A series of early morning showers meant that Mudeford Quay was afforded a bit of time this morning, an exercise that produced a Black Tern amongst 45 Common Tern. Also from there, 10 Sanderling and a drake Common Scoter in The Run. Elsewhere, there was a scattering of migrants - the Willow Warbler count from Hengistbury and Wick coming to 44 birds, with a Lesser Whitethroat on the Long Field, a Garden Warbler on Wick and a Wheatear on the Barn Field being the best of the other common passerines. Other than the previously mentioned Sanderling, all the wader numbers come from Fisherman’s Bank from where 3 Greenshank, 3 Bar-tailed Godwit, a Common Sandpiper and 14 Whimbrel were returned. Back on Hengistbury, a Nuthatch was again in the Wood; and a Marbled White butterfly, scarcely seen in the area, was along Wick Ditch and made for the second record for the year.
A still, cloudy morning was made quite unpleasant by the biting insects on Stanpit, where the only real highlight was the surprise of a Ring-necked Parakeet heading west over Priory Marsh and then being seen over Wick. A couple of Green Sandpiper were also around those areas, while the low tide in Parky Meade Rail saw at least half-a-dozen Water Rail, including some juveniles, on show. On the other side of the water, Hengistbury and Wick experienced a nice presence of Willow Warbler, with in excess of 100 birds being the estimate, along with 2 Garden Warbler and small numbers of Blackcap, Whitethroat and Sedge Warbler. Meanwhile, a further Garden Warbler and a Grasshopper Warbler were in the North Scrubs, 3 Tree Pipit went over, two above Wick and one above Crouch Hill, a Wheatear was on Central Marsh and a single Swift was seen over The Priory. Subsequent to the first couple of hours of daylight, there was then a light passage of Sand Martin, House Martin and Swallow into the increasing westerly breeze. Despite the early morning spring low tide, the expected waders were sparse - the totals being just: a Common Sandpiper, a Greenshank, 10 Whimbrel, a Knot, some Ringed Plover heard, a Bar-tailed Godwit, a Black-tailed Godwit, 8 Snipe and 20 or so Dunlin. Early on, a minimum of 4 Bearded Tit were vocally active on the edge of Parky Meade Rail and a lone Teal was in Stanpit Bight.
Whitethroat – Jean Southworth
Quail are recorded only once in every few years, so one flushed on the Barn Field this morning was a real bonus. Otherwise, apart from local interest provided by a Nuthatch in the Wood, there was little out-of-the-ordinary. Amongst a handful of commoner migrants, there were 3 Yellow Wagtail and a Wheatear on Hengistbury, while 5 Greenshank, a Common Sandpiper, 2 Snipe, 14 Ringed Plover and 46 Dunlin were logged, most of them checking-out on the morning flood tide. Meanwhile, the miscellany came from: a couple of Bearded Tit in the HHC reeds, 5 Shoveler and a Raven. Please check back to yesterday for some additional pieces of interest.
Additional news: a Green Sandpiper was at Stanpit in the evening, while the Mediterranean Gull count reached fifty-seven.
and Odonata Update 9th August 2013
Gatekeepers have emerged en masse, along with Meadow Browns, while Small Skippers are still in evidence with smaller numbers of Large Skippers. Quite a few Purple Hairstreaks are still around the Oaks in the wood. Painted Ladies, Peacocks and Red Admirals are around in small numbers. Of more unusual species, Clouded Yellow has been seen on a couple of occasions in the last week, and a Marbled White was a good local record late last month.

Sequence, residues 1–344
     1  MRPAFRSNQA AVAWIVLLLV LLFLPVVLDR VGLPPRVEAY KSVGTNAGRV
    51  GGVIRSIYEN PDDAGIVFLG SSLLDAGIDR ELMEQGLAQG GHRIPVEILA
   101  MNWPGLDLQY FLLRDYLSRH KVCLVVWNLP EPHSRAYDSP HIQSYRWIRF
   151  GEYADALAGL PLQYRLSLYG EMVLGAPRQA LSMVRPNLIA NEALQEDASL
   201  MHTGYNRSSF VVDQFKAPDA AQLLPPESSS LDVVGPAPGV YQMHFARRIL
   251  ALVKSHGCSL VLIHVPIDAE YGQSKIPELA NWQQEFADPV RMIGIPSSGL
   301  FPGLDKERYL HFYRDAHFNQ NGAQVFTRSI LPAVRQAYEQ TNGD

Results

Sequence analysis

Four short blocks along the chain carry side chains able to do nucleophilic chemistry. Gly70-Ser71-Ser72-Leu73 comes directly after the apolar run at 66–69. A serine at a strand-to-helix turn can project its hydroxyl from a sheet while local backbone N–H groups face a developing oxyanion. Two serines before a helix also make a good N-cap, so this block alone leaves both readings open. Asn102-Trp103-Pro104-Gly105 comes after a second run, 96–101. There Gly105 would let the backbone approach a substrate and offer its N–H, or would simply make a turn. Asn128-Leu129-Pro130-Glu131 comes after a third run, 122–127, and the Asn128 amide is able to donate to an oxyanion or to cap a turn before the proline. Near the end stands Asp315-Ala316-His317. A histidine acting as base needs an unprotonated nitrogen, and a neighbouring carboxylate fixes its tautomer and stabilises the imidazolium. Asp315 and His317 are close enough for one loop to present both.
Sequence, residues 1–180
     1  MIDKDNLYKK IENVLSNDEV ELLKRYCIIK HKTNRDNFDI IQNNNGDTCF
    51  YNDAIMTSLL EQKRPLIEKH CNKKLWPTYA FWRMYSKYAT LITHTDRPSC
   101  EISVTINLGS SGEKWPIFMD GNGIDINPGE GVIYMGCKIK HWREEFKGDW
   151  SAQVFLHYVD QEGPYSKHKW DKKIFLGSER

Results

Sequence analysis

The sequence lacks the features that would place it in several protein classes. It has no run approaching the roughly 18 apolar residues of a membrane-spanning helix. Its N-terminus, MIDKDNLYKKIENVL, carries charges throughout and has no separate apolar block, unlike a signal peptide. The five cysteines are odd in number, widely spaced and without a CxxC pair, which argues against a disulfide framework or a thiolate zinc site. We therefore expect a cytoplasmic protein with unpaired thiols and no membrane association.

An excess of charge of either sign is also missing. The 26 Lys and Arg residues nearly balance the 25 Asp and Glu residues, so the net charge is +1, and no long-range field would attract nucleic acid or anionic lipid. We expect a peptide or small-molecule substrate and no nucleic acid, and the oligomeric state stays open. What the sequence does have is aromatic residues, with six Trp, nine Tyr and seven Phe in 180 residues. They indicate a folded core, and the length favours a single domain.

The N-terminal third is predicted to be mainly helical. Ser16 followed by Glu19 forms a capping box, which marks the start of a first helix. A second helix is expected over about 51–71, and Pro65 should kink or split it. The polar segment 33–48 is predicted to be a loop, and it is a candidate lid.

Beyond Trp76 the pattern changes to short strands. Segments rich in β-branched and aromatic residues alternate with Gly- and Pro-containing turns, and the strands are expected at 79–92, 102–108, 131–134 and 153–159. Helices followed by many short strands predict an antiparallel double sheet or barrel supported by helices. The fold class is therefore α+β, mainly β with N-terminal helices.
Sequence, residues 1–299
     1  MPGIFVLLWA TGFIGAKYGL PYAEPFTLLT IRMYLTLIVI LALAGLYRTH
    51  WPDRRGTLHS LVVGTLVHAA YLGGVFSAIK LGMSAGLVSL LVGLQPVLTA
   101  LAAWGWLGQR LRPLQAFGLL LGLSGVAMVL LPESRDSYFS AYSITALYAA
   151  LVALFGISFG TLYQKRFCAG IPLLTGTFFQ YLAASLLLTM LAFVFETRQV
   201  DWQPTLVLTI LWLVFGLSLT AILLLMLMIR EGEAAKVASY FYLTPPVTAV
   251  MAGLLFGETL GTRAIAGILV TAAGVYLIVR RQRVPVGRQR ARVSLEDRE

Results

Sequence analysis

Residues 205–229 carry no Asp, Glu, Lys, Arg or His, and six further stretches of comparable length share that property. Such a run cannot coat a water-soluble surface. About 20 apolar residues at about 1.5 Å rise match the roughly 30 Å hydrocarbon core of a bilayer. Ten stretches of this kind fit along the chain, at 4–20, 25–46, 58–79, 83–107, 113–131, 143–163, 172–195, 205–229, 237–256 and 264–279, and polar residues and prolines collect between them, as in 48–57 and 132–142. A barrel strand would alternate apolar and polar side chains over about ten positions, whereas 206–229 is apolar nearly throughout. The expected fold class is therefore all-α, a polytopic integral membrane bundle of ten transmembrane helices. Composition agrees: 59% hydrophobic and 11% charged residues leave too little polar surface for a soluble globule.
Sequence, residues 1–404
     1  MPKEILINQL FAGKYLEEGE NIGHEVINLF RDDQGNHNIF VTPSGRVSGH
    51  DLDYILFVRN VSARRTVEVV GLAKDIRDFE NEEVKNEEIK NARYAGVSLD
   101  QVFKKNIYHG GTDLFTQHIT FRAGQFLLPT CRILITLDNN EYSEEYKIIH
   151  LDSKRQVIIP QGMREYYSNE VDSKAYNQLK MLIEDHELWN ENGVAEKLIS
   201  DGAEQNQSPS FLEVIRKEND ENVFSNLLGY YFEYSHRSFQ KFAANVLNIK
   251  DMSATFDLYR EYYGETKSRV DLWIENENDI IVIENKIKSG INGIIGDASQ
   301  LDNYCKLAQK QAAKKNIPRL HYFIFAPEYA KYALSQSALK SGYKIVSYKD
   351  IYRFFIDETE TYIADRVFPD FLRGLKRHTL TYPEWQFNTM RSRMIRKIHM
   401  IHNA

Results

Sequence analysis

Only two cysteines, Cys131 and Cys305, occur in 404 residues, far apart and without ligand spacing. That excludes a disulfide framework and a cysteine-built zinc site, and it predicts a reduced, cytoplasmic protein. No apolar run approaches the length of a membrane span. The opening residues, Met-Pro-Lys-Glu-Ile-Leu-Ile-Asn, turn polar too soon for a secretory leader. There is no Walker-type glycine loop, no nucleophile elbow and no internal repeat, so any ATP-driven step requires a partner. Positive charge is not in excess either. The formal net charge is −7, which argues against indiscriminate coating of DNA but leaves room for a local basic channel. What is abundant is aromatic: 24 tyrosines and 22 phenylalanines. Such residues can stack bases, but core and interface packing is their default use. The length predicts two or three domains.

In terms of Dragonflies this seems to be a good year for Brown Hawkers, with regular recent sightings of ones or twos. Recent weeks have also seen several sighting of Scarce Chaser in reed bed areas and a few Southern Hawkers are around. Of smaller species, there are continuing big numbers of Common Blue Damselflies, and somewhat fewer Small Red Damselflies. Of note is a record of Emerald Damselfly on the Lily Pond this week.
Information provided by Chris Chapleo
Adult Sandwich Tern, now in varying states of head moult – Alan Hayden
For the second day in succession, there were passerine migrants on-site but not in quite the same numbers as the previous 24-hour period. The pick were a Pied Flycatcher and 2 Grasshopper Warbler on Stanpit, with combined figures of others from all locations coming to: 8 Garden Warbler, 63 Willow Warbler and a Yellow Wagtail. A Garganey, possibly the same bird as from a couple of days ago, was around Stanpit Bight, as were: 2 Knot, 2 Greenshank, 3 Common Sandpiper, 4 Whimbrel, 7 Ringed Plover and a Black-tailed Godwit, plus a further nine of the latter west. To round up, a Hobby was over Wick and 8 Mediterranean Gull were inside the harbour.
Additional news: a flock of 11 Goosander headed downriver just before 6:00 in the morning, while a juvenile Yellow-legged Gull was on the Driving Range and a Little Ringed Plover overflew. Also, a Cuckoo on the Stanpit side.
Recently fledged Reed Warbler – Alan Hayden
Migration clearly moved up a gear today
on what was easily the best morning of the
'autumn' so far. A total of 310 Willow
Warbler was logged on Hengistbury between
5:30am & 9:30am; also 65 Sedge Warbler, 5
Garden Warbler, 2 Redstart and one each of
Grasshopper Warbler, Lesser Whitethroat,
Yellow Wagtail and Wheatear. Earlier a
'redhead' Goosander was on the river. It